- The legacy approaches to sales are designed to overcome objections.
- The legacy solution approach to B2B sales added a level of proof, to provide clients with the confidence necessary to adopt their solution.
- The modern approach requires the ability to resolve difficult concerns that prevent clients from moving forward.
Some of the challenges of selling effectively grow more difficult over time—a natural outcome of greater complexity and its impact on our contacts and clients. However, viewing those challenges using inherited legacy models only makes things worse.
What was once called a “complex sale,” for example, now seems rather simple and straightforward—what felt like brain surgery 50 years ago feels more like clipping a hangnail today. In modern B2B contexts, a complex sale is one in which the client is required to make a decision they make infrequently, with potential negative consequences for making a poor decision. To pile on the difficulty, when your client’s environment creates uncertainty there is a perception of greater risk, creating concerns that, left unresolved, prevent a decision to change. The legacy approach to handling objections is inadequate to resolve these concerns for our clients.
From Legacy to Modern Sales Approaches Parts 1-5:
- Part 1 | Approaches
- Part 2 | The Starting Question
- Part 3 | Information
- Part 4 | Discovery
- Part 5 | Stakeholders
Legacy Laggard: Overcoming Objections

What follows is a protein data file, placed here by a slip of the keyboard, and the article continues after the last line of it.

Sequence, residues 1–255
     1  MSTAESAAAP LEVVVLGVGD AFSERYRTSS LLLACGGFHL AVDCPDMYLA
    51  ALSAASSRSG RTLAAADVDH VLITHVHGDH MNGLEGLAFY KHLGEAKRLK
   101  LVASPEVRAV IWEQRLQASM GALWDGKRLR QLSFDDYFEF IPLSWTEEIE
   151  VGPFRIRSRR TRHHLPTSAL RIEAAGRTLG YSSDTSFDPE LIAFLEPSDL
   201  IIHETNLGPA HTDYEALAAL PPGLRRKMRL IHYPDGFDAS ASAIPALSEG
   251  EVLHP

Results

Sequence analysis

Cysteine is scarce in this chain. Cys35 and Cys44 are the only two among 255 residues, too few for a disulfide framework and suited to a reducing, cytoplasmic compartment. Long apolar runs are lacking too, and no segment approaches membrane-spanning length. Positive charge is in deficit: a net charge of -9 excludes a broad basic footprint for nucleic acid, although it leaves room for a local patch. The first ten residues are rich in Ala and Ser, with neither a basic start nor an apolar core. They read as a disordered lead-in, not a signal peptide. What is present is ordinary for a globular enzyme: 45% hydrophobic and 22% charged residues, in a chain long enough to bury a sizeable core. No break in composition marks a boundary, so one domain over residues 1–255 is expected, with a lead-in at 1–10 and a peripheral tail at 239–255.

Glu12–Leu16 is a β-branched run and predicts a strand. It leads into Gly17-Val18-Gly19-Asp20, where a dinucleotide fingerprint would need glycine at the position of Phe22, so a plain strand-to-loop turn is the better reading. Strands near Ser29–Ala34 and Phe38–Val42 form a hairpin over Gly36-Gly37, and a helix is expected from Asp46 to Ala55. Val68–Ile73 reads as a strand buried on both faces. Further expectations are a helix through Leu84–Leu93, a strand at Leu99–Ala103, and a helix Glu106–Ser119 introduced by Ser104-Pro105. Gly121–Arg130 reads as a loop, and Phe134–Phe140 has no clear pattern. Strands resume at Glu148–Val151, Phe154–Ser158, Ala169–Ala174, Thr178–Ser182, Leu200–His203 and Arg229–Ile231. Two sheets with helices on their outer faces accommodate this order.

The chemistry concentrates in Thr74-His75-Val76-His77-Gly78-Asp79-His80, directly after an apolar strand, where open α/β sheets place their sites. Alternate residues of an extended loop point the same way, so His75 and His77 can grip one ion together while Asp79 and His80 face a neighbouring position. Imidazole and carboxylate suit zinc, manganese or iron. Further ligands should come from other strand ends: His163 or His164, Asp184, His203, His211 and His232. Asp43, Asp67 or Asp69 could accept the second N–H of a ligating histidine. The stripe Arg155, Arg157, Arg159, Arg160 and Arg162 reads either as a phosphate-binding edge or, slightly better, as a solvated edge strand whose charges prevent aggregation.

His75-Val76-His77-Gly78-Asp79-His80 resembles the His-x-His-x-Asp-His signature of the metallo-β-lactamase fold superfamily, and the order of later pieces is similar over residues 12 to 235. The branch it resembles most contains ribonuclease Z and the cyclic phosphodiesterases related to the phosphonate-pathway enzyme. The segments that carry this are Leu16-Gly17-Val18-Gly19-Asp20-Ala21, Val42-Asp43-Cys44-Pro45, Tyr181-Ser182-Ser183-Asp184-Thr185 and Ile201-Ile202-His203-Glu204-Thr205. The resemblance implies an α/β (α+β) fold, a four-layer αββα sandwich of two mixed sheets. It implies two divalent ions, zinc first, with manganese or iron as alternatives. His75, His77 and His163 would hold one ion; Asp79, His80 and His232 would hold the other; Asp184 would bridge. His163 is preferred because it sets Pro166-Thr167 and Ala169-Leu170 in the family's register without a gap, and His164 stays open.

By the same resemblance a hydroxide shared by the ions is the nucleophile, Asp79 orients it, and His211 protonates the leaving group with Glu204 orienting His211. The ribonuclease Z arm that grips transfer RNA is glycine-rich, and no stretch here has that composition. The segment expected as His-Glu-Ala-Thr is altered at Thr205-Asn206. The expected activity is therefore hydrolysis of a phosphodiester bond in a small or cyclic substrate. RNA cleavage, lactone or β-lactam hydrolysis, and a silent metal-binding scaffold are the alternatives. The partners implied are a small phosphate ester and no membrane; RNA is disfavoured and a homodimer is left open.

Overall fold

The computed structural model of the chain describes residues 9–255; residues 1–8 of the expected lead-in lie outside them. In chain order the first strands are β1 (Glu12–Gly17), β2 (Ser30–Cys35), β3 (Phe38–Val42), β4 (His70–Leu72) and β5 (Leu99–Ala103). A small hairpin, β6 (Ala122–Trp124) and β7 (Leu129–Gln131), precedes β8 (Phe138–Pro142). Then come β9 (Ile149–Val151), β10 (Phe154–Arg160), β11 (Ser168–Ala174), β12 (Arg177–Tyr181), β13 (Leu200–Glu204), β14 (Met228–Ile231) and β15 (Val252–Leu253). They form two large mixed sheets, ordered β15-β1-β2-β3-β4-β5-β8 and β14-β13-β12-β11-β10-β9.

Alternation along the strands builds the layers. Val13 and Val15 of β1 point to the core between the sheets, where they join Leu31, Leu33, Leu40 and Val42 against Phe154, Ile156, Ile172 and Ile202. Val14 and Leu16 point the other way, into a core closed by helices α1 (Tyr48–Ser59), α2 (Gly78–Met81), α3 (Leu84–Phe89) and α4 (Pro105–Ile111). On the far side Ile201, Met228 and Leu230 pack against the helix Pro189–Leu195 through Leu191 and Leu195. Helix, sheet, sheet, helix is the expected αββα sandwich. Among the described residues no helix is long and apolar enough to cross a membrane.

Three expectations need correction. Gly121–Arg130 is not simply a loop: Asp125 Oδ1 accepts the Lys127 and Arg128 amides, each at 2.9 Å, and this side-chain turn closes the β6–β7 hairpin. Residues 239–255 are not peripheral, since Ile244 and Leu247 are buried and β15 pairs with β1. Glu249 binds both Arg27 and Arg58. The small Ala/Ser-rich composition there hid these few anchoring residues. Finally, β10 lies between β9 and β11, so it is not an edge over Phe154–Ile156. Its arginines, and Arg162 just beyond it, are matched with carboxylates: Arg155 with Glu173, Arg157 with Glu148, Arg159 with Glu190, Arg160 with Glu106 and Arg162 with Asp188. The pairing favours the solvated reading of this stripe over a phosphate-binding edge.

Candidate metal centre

The legacy laggard approach to sales does not recognize the difference between an objection and a concern, an oversight that has very real consequences for both the salesperson and their prospective client. The following quote is from General Motors’ textbook Selling Chevrolets: A Book of General Information for Chevrolet Retail Salesmen, published circa 1926.
- Prospect: “My old car is worth at least $100.00 more than you offer me.”
- Salesman: “Your old car, Mr. Prospect, has given you a lot of pleasure and service. You are thoroughly familiar with its condition, and I can understand how it may appear to you to be worth more. But the price of a used car, just like anything else, is determined by the demand for it. It is impossible to offer you more for your old car, much as we would like to do so, but we can offer you many quality features that cannot be duplicated in any other car at or near the price of a new Chevrolet.” (Show him features and ask for the order–often.)
There is no doubt that this language was effective at the time, especially since there was no internet or even Kelley Blue Book in 1926. But if you look closely, the salesperson logically addressed the objection without actually addressing the prospect’s real concern (whether he is getting a fair price for his car). When these approaches failed, it is because the concern was left unaddressed. The transactional approach is found in the last line of the quote: “ask for the order–often.”
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Legacy Solution: Overcoming Objections + Proof
The legacy solution approach to overcoming objections was a huge improvement for B2B salespeople, especially those embarking on long-term projects with their prospective clients. When the sale isn’t transactional and the decision is complex, clients tend to voice more objections (some of which are really concerns, even if they are not treated that way.)
As customized solutions became more important to the client, though, many decision-makers and decision-shapers wanted more: even if you “overcame” an objection, your client might still ask you to provide them with some proof. The greater importance of decisions and the increased risks that followed a bad decision required something more than an explanation.